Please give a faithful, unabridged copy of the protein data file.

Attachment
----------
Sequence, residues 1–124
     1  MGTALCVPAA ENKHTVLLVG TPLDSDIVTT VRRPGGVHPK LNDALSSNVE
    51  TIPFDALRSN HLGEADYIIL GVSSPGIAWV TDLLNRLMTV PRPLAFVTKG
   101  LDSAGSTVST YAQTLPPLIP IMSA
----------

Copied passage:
Sequence, residues 1–124
     1  MGTALCVPAA ENKHTVLLVG TPLDSDIVTT VRRPGGVHPK LNDALSSNVE
    51  TIPFDALRSN HLGEADYIIL GVSSPGIAWV TDLLNRLMTV PRPLAFVTKG
   101  LDSAGSTVST YAQTLPPLIP IMSA